After a few emotional farewells, we left Singapore on Saturday May 19th, bound for Yangon - the first stop on our 3 week holiday before our return to Adelaide. We were at Changi with time to spare so grabbed breakfast at the airport (pancakes and milo for the kids, local coffee and kaya toast for Gary and I). Alex was impressed with the speed of getting his pancakes and declared it true fast food. Our flight to Yangon was good and we landed around 10 minutes ahead of schedule. First impressions were of friendly people - everyone was smiling.

We got a 'taxi' to our hotel. It was a sort of van, without working seat belts (a common theme here). The driver tried to sell us some tours for the next few days which we politely declined. As we got closer to Yangon centre, the traffic got much busier so it was a sense of relief to see The Traders hotel.

Check in was smooth and we were soon up in our room. We had paid for an extra bed - something that hotels here charge a lot for - in this case it was $65 US and when we arrived no bed was there, but it was soon delivered - along with an extra bottle of water and an extra towel!

Our travel agent arrived and I went to meet her and collected flight tickets etc which was all very smooth.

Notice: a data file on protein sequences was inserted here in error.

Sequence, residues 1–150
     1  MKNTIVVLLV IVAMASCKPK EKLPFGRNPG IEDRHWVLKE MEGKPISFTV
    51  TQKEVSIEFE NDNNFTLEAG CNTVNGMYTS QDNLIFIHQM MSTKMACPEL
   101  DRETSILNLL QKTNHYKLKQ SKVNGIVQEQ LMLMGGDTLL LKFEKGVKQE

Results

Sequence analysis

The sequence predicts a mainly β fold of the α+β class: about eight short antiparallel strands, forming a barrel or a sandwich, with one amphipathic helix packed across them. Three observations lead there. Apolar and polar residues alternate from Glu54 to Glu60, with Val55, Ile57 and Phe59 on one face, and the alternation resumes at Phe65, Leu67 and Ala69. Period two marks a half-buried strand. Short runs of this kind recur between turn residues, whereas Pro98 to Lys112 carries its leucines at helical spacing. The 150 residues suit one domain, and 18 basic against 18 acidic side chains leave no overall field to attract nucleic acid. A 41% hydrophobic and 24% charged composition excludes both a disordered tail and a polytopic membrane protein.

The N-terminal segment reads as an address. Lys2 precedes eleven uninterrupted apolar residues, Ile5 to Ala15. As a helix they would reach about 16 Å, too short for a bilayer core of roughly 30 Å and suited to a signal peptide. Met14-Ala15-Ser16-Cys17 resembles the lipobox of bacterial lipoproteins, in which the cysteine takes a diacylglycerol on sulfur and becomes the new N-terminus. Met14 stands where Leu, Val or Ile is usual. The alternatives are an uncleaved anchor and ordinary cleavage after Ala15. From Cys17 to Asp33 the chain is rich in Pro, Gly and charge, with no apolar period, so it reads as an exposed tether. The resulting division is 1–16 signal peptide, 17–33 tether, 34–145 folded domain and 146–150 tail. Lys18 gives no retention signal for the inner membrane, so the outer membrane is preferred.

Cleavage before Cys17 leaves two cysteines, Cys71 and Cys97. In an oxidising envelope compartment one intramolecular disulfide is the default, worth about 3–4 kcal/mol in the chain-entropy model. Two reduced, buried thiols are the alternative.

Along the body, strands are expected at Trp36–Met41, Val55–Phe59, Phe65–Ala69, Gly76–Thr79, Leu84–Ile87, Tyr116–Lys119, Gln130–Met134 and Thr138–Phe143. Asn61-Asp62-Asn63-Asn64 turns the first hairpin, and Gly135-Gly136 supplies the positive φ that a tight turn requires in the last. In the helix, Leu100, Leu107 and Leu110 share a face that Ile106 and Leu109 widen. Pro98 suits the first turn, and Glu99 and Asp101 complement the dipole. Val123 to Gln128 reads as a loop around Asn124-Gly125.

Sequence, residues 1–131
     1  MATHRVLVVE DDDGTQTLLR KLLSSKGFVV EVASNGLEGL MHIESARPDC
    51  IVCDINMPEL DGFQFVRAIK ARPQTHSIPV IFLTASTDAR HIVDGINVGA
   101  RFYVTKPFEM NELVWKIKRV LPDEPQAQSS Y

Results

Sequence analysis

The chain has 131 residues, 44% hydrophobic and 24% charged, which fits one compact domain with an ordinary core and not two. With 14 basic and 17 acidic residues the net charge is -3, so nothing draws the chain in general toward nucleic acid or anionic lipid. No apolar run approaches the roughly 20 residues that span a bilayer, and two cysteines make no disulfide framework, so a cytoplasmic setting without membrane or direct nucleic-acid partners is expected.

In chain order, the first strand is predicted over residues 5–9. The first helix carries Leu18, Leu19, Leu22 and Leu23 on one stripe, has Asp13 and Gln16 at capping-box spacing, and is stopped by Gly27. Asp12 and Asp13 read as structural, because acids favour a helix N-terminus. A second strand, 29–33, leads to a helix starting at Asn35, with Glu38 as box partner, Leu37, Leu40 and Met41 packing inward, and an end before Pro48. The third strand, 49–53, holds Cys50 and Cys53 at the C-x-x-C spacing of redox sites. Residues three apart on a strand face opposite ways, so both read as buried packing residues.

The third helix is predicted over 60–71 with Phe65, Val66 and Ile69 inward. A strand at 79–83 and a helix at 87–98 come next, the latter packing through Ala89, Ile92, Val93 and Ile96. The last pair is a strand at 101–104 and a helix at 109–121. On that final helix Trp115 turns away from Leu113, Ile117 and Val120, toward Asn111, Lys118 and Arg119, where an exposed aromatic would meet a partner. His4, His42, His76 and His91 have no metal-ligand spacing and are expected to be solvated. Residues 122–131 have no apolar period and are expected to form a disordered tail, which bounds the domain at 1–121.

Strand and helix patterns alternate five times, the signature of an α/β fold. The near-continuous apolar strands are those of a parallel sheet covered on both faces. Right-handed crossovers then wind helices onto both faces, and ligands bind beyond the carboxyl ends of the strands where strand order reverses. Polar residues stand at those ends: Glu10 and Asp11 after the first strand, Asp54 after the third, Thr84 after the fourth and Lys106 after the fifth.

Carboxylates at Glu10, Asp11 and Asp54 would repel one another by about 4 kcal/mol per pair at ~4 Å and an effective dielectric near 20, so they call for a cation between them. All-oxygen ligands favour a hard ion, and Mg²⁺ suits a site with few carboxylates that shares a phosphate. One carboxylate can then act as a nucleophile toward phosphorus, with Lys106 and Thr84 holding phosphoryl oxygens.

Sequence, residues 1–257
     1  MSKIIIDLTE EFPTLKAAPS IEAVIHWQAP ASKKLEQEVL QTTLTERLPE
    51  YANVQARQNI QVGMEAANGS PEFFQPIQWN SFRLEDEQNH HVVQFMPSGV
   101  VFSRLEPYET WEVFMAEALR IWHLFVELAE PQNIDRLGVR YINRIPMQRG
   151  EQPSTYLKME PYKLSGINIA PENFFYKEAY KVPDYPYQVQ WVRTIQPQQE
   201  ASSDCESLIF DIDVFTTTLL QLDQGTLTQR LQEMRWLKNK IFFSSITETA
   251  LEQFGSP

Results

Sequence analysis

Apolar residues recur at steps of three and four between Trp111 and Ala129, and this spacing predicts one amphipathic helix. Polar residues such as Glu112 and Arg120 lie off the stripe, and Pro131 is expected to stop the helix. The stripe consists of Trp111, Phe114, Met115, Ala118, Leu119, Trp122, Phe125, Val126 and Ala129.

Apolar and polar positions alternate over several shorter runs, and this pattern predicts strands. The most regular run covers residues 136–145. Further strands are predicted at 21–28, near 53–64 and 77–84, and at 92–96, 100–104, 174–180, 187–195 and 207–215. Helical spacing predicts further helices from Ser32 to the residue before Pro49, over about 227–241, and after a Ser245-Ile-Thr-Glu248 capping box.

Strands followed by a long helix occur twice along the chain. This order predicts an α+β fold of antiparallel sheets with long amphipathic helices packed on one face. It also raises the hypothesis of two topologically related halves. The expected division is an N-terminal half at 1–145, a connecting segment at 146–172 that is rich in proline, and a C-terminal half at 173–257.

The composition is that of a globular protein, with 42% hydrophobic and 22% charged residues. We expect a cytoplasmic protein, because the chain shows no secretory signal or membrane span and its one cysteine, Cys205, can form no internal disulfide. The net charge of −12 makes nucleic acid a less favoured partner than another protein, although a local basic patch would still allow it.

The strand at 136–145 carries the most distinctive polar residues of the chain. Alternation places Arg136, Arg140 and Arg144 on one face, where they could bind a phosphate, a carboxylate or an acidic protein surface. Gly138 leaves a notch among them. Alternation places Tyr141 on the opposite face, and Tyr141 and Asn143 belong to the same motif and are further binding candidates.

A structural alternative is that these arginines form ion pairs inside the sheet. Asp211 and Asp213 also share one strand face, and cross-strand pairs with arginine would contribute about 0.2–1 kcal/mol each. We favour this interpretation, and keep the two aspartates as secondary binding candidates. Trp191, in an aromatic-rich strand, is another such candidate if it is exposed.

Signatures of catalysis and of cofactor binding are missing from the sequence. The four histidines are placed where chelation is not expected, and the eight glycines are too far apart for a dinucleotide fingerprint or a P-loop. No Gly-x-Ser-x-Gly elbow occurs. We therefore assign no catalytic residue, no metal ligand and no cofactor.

We ventured out for lunch and tried to find a recommendation from the LP - Aroma Cafe but it was closed, so we ended up at the East hotel - which was very pleasant. The rest of the first afternoon was spent at the pool and we went for an early dinner to Pa Pa Pizza, which was excellent.

On Sunday, after a fabulous breakfast at the hotel, we decided to try the LP Yangon walking tour. About 300 metres into it, Tara declared we were walking "so far"! Ah, the delights of travelling with kids. We stuck to the walk for a bit and then decided to take a look at the ferry. We were sent to a window / room for foreigners. The fare for foreigners was $2 US each way but they did a 'discount for the babies'. This meant the kids were free. One thing in Myanmar is they often refer to the kids as 'babies'. The ferry was very local but some fabulous photo opportunities. There were all sorts of vendors on there and some young boys tried to sell us all sorts of things. It was very interesting. Over the other side of the river, we got off and decided to go for a drink and a sit down to watch the world go by. Gary commented that it felt like a mixture of India and Thailand. I have to agree it did feel like that!